Global Game Jam 2021 Lives On Despite Pandemic
ziz immelman, A&C editor
Global Game Jam is an annual convention of sorts where folks meet up at thousands of sites around the world and have but two days to make an entire short-form video game. Since 2009, gamers, writers, programmers, sound editors, voice actors and creatives of all kinds have been meeting all over the world to work together in making short video games.
I attended my first Game Jam with a friend of mine in Feb. 2020. We’re both big video game nerds, and when we learned that Glitch, a local game developer in Cedar-Riverside, Minneapolis would be hosting their own site, we jumped at the opportunity.
Jammers have a couple of hours to mingle and eat together before the theme of that year’s jam is announced. Jammers then brainstorm with other folks and then pitch their idea to the group, stating which skills they need in their group unless they are working alone. Once the teams are formed, they may use the time however they wish over the next few days until it is time to submit the final game.
Global Game Jam is an incredibly important event for creatives everywhere, so it is really a blessing that it was not canceled this year. Coming in as a new jammer last year, I was incredibly nervous. I felt that I was not smart or creative enough to be of service to any of the jam groups. Also, because of what I already knew of the gaming industry, I was worried that it would not be a welcoming environment for me as a non-binary femme person.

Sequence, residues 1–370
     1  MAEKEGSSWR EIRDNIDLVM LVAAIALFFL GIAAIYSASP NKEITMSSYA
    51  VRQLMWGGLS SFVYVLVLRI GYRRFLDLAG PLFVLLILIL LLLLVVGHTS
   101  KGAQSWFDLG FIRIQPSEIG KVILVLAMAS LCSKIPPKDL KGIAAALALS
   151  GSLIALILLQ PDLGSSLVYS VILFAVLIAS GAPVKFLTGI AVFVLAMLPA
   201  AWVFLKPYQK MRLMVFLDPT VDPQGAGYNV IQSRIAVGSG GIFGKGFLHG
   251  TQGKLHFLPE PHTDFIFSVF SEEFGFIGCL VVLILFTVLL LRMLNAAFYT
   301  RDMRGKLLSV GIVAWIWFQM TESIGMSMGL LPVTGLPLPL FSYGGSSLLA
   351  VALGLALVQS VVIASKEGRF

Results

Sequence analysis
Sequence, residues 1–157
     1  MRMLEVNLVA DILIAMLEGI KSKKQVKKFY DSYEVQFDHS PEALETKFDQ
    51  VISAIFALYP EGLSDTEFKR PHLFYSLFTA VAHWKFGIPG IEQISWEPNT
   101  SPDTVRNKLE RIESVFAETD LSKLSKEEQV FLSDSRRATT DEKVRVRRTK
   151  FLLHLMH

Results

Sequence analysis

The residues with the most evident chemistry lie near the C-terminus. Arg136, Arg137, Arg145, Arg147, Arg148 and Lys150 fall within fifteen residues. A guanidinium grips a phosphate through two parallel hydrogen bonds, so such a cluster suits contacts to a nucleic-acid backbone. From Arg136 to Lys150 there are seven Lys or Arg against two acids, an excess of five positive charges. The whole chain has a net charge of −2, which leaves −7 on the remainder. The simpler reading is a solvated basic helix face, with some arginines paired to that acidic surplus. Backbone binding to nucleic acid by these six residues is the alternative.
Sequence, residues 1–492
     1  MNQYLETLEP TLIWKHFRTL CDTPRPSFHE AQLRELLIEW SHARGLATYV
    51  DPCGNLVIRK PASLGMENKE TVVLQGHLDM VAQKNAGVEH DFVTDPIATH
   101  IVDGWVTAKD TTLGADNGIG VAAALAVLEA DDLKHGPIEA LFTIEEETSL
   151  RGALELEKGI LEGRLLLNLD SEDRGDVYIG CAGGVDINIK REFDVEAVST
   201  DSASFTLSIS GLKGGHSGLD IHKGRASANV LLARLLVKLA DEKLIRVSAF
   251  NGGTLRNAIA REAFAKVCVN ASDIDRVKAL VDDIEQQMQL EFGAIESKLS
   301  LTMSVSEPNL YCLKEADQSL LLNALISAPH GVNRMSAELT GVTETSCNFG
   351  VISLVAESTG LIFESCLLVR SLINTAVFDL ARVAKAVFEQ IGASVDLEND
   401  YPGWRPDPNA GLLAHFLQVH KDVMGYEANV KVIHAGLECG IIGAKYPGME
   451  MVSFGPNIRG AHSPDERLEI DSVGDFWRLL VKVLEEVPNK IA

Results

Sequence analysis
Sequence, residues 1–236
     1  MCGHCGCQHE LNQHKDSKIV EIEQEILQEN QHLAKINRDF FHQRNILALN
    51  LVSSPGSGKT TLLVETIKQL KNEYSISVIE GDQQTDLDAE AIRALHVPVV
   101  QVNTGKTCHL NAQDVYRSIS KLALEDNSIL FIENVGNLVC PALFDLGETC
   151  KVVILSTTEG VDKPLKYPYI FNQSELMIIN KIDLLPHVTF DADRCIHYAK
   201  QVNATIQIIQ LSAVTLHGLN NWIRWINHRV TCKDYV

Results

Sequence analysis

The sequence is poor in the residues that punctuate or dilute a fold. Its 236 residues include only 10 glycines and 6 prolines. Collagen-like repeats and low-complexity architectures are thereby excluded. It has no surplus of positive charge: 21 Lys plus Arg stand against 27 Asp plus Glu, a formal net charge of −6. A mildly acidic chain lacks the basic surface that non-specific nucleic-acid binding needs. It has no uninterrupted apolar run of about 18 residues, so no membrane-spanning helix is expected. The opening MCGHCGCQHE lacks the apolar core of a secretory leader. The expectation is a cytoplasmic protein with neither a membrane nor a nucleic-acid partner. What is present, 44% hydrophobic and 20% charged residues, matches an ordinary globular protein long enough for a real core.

To my surprise and delight, neither of those things were an issue for me. I almost immediately found a group that valued my talents and was willing to help me out along the way. Additionally, I found that my Game Jam site placed value in respecting individuals of all identities, even providing huge pronoun stickers we were able to put on our name badges.
With the rise of the COVID-19 pandemic, jammers were concerned about whether or not the event would even happen. But the folks at Global Game Jam were not willing to let a year go by without a jam. They hosted it entirely online and extended the work time to five days instead of two. With services like Zoom, Discord and Slack people were able to make their games (with the theme of “lost and found”) in a new way and even learn some new life skills during the process.
Both returning and prospective jammers are hopeful for a return to hosting the event in person next year, but we also can find comfort in knowing that the show will go on no matter what. I highly recommend attending Game Jam to anyone and everyone who thinks it sounds interesting; there will be a place for you.
You can learn more about Global Game and how to participate at GlobalGameJam.org.